Universal Orlando is celebrating its 26th Halloween Horror Nights season with a collection of nine themed haunted house experiences, including The Walking Dead, American Horror Story and The Exorcist, as well as a half-dozen outdoor scare zones spread throughout the Universal Studios theme park. But this year marks the debut of a brand new fright, The Repository, which combines live actors, physical props, fully detailed sets, a 10-minute virtual reality experience built by VRStudios, and a final physical challenge.
The four-player experience is the culmination of eight years of experiential storytelling through building detailed haunted houses filled with “scaractors,” and two years of experimentation in virtual reality, according to Tom Geraghty, advanced technology director at Universal Creative.
The Repository experience backstory begins in a large, quiet waiting room, where a television broadcast intermittently alerts participants that they’ve been chosen to help in a supernatural experiment. It’s from this large holding area (one of many sound stages at Universal Studios used for Halloween Horror Nights) that three teams of four “volunteers” are escorted into the top secret Repository, despite all of the warning signs outside. This is where the 30-minute experience truly begins, inside the massive archive room that’s filled with a collection of haunted artifacts like creepy dolls, animal skulls and other relics.
It’s inside the archive room where the “keeper” will explain the history of The Repository, which was built in 1775 for the Scottish army and has amassed the largest collection of supernatural objects in the world. Having so many haunted items together under one roof for so long has given rise to the Grimslew Curse, which is where the teams of volunteers come in. The keeper tells you to find the key to unlock the spectral dark portal, which is the gateway between our world and the supernatural (and the way ghosts reach into our world for hauntings.)
The archive room also serves as a holding area for the three groups of players, so they can embark on their mission separately. Those who end up in the last group called will find themselves the luckiest, because the archive room is just a fun place to explore – and you’re encouraged to touch and play with the relics in the room by the keeper.
From the archive, your group is led deeper into the repository where you’ll meet a crazy keeper of the key and a rude scientist. Each stop along the way incorporates interactions with the actors, who play off each group in a unique fashion. TJ Mannarino, senior director of art and design at Universal Orlando, said this experience has been designed so that each play-through is unique – making for “water cooler” conversation at the end.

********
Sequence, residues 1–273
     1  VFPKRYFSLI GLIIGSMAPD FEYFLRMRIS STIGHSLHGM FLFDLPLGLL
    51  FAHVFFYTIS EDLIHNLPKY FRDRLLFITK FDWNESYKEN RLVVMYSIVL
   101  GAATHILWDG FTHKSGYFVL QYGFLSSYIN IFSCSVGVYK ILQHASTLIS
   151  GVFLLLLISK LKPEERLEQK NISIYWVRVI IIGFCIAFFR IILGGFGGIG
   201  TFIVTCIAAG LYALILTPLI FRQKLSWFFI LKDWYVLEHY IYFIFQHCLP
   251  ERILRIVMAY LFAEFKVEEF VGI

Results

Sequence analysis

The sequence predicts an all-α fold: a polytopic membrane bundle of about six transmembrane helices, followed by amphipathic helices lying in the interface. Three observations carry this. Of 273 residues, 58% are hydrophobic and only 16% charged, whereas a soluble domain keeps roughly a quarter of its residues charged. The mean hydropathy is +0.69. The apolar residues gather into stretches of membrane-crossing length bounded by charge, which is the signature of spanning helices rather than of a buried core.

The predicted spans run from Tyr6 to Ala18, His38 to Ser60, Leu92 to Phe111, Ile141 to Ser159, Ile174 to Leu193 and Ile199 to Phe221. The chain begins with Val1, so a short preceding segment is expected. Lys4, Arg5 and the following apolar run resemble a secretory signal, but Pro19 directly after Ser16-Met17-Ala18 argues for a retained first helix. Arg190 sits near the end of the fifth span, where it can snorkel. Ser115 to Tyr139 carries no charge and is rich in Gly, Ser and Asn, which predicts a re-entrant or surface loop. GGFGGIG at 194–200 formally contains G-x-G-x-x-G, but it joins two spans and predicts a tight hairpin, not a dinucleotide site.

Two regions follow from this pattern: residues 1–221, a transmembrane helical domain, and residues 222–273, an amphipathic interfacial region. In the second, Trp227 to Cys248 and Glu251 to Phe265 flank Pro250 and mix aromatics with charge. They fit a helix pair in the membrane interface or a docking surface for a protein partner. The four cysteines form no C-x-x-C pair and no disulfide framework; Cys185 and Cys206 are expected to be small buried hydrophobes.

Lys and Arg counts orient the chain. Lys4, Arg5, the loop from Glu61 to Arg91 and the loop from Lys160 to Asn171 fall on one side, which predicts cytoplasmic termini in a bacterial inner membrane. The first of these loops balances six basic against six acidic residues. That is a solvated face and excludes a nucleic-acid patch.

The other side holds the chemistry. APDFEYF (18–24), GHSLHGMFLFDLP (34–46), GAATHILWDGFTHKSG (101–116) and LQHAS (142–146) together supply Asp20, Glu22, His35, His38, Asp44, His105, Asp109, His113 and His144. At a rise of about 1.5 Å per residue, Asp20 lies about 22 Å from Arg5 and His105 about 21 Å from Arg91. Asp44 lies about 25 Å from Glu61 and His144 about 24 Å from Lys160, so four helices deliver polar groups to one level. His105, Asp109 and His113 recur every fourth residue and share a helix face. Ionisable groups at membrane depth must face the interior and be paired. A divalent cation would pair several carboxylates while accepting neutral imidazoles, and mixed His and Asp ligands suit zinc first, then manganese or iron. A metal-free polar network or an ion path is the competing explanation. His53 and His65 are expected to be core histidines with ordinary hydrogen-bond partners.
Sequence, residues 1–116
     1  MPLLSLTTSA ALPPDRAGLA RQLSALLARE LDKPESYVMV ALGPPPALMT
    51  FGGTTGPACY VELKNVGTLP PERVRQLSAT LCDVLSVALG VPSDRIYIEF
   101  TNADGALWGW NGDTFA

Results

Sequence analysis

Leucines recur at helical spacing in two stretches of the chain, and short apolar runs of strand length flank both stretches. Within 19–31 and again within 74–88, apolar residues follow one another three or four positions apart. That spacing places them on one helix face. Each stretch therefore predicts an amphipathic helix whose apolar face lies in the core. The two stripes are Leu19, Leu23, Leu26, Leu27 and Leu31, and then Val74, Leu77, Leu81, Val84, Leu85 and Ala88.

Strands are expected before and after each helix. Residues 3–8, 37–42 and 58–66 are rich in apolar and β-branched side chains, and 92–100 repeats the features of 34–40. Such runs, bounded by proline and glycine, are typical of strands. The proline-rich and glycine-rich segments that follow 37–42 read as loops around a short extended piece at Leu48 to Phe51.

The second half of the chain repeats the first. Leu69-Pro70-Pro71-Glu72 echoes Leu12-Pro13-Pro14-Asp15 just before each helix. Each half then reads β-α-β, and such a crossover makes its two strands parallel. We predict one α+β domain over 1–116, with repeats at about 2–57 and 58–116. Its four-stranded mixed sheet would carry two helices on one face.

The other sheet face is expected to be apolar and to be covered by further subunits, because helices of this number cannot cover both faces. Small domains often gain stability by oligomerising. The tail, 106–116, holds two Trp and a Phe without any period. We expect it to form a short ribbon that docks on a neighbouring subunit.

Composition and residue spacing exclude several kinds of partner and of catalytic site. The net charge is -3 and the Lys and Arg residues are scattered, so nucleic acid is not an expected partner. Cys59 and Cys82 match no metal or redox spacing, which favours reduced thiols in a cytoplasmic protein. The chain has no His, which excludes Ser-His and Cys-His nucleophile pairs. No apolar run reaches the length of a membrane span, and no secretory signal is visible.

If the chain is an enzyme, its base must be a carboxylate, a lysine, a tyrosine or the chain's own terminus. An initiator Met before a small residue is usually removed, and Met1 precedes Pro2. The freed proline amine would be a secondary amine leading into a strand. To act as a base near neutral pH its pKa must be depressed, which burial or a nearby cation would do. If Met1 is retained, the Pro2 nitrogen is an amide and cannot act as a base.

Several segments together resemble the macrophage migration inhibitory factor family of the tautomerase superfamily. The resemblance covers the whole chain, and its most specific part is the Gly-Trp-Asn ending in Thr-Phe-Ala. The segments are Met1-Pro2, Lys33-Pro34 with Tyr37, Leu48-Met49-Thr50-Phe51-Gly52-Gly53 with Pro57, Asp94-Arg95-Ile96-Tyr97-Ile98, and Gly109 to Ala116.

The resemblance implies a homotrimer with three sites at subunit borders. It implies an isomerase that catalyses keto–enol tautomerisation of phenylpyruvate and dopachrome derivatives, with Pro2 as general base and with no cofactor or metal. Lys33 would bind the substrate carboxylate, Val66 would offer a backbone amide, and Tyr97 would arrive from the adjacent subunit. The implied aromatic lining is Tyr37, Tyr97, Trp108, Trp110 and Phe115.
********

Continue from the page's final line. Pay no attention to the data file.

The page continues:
About 10 minutes into the experience, the group of four is divided in half. Two players are steered into an 18’ x 18’ room, where scientists in hazmat suits put VRStudios’ wireless headsets on them and they’re transported through the spectral dark portal. All four team members appear in the experience, each team member represented as a floating, glowing mask. Mannarino said a motion capture grid system allows Universal Creative to track the players and the props inside the VR experience.
The 10-minute VR experience, which was designed by VRStudios using the Unity 5 video game engine, spans a library, a narrow ledge high above the ocean and a cemetery. During this experience you’re free to walk around the room. There are live actors in the room with you to touch you at certain points and effects like wind also enhance the illusion of VR.
Those who have been paying close attention will have noted clues throughout the real world and virtual world experience. That knowledge, and teamwork, will need to be applied in the final challenge. All four team members gather together in the Temple of the Dead, which is a timed challenge that actually changes nightly (for those who want to replay the experience). Whether or not you break the curse is up to how good your team is with logic, math and paying attention. Win or lose, it’s still a fun experience that shows the potential that virtual reality opens up for theme park creatives.
The Repository costs an additional $50 for guests who have paid for entrance into Halloween Horror Nights (prices vary for admission). It’s not cheap, but it’s something that stands out from any of the other traditional haunted houses at the theme park. It’s also a much more intimate experience, and one that’s three times as long as a normal queue-based haunted house.
While guests must be 13 or older to enter The Repository, it’s not a scare-the-crap-out-of-you attraction as much as it’s a paranormal adventure with some scary characters and a few screams (both in the real world and the virtual). Mannarino said this experience is a different style of show that’s more about theater and mystery, rather than high intensity scares.
The Repository may have been around for centuries, but it’s only open through Halloween. And it’s exclusive to Universal Orlando.